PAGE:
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Some National Guardsmen Don’t Get Veterans’ Benefits, Congress Is Trying To Change That

Troops set up concertina wire as a Customs and Border Protection agent stands...

Photo by Rodrigo Abd AP

Above: Troops set up concertina wire as a Customs and Border Protection agent stands guard on the U.S. side of the border with Mexico, on Thanksgiving Day.

Not everyone in a military uniform will be considered a veteran when they leave the service, including some National Guard troops who have served along the border.

These troops also will be ineligible for veterans’ benefits, but Congress is looking at trying to level the field for troops for guard and reserves.

Listen to this story by Steve Walsh.

In April 2018, President Trump ordered 2,000 National Guard troops to the U.S.-Mexico border to aid Homeland Security.

During a tour on the border in October 2018, Border Patrol spokesman William Rogers complimented the California National Guard troops who were working inside the Border Patrol station in San Diego, acting as dispatchers and monitoring cameras.

“What’s most important about it to us is, prior to the National Guard soldiers filling these spots, we had to have sworn agents filling these spots,” Rogers said.

Despite the positive words, some of those guard troops who worked along the border in uniform may never meet the federal definition of a veteran.

One of the things National Guard troops need to qualify for Veterans Affairs benefits — like health care or the Forever GI Bill — is to serve 180 days continuously on active duty. That means being requested by the federal government under specific circumstances and then serving 180 consecutive days, said Daniel Elkins, a California National Guard Special Forces operator with a unit based in Los Angeles.

“This affects many of the National Guard. For example, currently there is a federally declared border crisis that’s going on,” Elkins said.

Even though President Trump called up guard troops and the federal government paid for the operation, but under federal rules, in the majority of cases the kind of orders where were under did not qualify them for benefits under the Forever GI Bill or for health care offered by the Veterans Health Administration, he said.

Elkins also works for the Enlisted Association of National Guard United States. The association is lobbying to bring greater parity between active-duty troops and those in the guard and reserve. One idea is to make it easier for them to qualify to become veterans under federal law, by letting them add up all the time they serve on federal orders instead of just missions that last for 180 consecutive days.

“Those should be added up and when you meet that threshold,” Elkins said.

Most of the time, guard troops are under the control of a state’s governor, who can call them up to help with natural disasters like the wildfires in California. But there are a variety of orders that can be used to call up the National Guard. States like California also work with the U.S. Drug Enforcement Administration on anti-drug operations. Guard troops working on those missions can earn enough credit to be considered veterans.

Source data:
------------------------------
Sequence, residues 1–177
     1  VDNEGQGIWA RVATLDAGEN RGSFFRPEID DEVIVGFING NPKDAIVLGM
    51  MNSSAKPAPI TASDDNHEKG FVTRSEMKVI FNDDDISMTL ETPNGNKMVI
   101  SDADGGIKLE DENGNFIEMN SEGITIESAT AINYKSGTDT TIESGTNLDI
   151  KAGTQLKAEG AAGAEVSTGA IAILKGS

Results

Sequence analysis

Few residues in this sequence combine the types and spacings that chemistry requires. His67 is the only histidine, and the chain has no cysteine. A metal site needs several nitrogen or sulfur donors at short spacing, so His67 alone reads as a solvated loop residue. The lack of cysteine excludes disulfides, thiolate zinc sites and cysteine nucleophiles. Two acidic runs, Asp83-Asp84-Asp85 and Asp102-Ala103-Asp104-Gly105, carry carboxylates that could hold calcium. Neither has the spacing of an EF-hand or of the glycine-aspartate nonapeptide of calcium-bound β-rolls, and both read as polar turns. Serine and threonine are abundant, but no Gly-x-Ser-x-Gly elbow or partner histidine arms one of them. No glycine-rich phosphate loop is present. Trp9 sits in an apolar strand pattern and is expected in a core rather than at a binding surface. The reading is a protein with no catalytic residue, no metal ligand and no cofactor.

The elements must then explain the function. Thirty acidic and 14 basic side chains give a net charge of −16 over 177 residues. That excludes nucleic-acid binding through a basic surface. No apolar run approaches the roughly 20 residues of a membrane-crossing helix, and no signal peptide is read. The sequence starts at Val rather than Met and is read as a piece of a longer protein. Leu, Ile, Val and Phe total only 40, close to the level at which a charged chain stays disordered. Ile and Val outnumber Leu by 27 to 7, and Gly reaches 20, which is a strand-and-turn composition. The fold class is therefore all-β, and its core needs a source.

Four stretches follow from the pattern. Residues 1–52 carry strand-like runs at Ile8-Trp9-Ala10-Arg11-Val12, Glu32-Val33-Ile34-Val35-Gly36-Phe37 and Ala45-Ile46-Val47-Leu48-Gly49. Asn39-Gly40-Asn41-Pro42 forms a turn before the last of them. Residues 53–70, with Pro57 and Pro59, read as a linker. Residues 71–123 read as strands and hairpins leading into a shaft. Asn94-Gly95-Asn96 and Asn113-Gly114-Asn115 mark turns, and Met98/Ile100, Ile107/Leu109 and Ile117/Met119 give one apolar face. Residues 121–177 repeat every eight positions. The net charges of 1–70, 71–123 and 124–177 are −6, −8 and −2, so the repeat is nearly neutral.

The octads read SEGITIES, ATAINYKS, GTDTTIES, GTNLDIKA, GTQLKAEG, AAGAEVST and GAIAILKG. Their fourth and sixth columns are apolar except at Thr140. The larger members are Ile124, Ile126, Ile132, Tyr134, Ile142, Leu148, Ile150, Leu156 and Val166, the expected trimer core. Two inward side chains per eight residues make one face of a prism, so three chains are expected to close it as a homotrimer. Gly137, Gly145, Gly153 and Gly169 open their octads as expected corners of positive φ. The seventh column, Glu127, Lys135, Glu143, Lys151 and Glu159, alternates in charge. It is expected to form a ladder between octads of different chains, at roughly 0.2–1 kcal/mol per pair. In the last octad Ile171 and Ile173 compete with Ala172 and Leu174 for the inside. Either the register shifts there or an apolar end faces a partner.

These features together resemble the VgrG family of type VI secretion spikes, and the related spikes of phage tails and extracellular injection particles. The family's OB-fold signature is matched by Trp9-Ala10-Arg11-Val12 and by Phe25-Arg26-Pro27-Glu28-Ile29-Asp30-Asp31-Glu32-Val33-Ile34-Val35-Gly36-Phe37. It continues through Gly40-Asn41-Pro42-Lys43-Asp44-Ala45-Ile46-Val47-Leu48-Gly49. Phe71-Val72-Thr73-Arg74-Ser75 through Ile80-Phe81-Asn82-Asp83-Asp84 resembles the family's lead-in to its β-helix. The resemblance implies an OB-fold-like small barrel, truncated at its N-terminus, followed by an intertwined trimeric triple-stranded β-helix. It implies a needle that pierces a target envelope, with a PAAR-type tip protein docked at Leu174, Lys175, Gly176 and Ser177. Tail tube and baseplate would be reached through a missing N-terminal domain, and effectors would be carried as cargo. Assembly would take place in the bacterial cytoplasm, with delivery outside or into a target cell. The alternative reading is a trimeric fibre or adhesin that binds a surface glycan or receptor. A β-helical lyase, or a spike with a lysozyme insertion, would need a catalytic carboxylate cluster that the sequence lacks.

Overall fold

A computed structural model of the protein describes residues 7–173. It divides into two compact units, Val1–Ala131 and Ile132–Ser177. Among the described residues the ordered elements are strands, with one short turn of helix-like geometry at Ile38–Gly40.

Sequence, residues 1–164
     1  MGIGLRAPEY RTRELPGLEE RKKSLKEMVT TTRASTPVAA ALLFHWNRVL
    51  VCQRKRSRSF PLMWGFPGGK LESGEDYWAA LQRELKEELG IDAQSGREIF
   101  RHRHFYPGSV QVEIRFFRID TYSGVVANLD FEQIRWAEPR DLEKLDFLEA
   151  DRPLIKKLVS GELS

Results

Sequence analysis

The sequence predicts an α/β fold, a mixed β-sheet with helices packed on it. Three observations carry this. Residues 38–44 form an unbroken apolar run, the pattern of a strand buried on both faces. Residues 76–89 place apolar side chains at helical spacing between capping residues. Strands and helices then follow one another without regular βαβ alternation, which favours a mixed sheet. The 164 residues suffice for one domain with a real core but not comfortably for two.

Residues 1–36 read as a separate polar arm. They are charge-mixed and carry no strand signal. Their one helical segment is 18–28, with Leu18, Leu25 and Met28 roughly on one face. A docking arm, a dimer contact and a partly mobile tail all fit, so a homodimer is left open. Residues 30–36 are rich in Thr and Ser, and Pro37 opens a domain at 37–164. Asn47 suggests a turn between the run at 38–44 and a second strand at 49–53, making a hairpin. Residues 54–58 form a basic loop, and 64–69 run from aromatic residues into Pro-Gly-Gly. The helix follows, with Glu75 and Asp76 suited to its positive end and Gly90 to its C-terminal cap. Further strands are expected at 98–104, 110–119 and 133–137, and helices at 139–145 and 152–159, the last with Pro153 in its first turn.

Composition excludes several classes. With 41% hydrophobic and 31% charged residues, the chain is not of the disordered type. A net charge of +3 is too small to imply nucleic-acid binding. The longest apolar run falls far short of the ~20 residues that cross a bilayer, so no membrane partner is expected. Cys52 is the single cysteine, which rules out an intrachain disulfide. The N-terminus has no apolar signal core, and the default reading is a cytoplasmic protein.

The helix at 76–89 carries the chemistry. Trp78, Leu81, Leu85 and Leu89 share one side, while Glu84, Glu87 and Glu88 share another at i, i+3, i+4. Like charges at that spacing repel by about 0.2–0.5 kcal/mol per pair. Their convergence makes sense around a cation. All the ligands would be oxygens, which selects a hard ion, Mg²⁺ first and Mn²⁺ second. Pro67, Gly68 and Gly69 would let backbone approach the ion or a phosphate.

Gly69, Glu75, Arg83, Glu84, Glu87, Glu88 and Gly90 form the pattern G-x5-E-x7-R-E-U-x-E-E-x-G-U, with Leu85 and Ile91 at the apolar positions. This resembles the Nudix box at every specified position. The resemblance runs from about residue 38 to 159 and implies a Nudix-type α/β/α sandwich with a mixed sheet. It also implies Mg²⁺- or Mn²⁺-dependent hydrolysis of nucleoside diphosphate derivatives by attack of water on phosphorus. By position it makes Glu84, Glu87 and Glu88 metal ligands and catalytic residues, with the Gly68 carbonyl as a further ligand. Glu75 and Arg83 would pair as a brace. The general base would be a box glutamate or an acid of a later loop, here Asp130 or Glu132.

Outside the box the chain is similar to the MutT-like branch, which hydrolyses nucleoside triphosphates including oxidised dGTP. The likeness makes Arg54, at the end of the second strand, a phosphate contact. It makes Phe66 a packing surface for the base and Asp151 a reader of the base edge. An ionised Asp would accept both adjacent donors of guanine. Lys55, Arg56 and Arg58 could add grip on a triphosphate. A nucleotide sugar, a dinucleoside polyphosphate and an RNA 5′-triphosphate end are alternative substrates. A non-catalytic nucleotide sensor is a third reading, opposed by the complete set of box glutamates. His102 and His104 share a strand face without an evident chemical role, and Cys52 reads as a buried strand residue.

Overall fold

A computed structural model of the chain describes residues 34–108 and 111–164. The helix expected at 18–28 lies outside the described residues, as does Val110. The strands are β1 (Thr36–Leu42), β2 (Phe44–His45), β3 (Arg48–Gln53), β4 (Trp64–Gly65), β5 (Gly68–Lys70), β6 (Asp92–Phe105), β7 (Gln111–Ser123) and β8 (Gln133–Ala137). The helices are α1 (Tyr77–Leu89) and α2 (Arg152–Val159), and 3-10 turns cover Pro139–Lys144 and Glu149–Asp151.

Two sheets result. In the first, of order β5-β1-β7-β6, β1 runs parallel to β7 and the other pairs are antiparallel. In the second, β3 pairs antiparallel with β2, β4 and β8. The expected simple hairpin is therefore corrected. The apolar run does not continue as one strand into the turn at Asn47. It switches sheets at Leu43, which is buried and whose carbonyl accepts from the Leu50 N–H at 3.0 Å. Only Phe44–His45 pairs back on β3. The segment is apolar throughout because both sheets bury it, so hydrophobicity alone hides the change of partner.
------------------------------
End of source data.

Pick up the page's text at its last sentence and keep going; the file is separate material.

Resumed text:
Rep. Mike Levin, D-Oceanside, chairs a veterans subcommittee that recently held a hearing on these parity issues.

“We haven’t followed a very basic principle,” Levin said. “That is, if you’re expected to be doing the same thing, putting your life on the line for whatever particular mission, I believe you should get the same pay and benefits.”

Levin said Congress has been slow to respond to the changing role of the guard, which has been used more consistently since the terrorist attacks on Sept. 11, 2001.

“Expectations are placed on our guard and reserves that perhaps weren’t there previously. We need to make sure federal policy reflects that,” he said.

Cost is a factor. Under the proposed changes, more troops would qualify for federal benefits. Congress changed the law so anyone who retires from the guard or reserves after 20 years is officially a veteran. But the law did not allow them to qualify for federal benefits.

Elkin said he talks to former National Guard troops who applied for benefits under the GI bill after reporting to help out in response to disasters like Hurricane Katrina along the Gulf Coast or Hurricane Maria in Puerto Rico.

“These people deploy. They’re being told they are being deployed. And they assume they have the same level of benefits,” Elkins said.

But they don’t. The system impacts retention in the guard, but the consequences can run much deeper. The federal benefits that guard troops often aren’t eligible for include long-term care for mental health at the VA, he said.

In figures released in September, the VA adds up the number of veterans a day who die by suicide. The grim statistic does not include 919 suicides in 2017 among guard and reserve members who never achieved veteran status. The VA says that adds another 2.5 people per day who kill themselves — all former military troops but not considered veterans.

This story is part of our American Homefront Project, a public media collaboration on in-depth military coverage with funding from the Corporation for Public Broadcasting and The Patriots Connection.

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Steve Walsh
Military Reporter

opening quote marksclosing quote marksI cover military and veterans issues for KPBS and American Homefront, a partnership of public radio stations and NPR. I cover issues ranging from delpoying troops along the California border to efforts to lower suicide rates among veterans.

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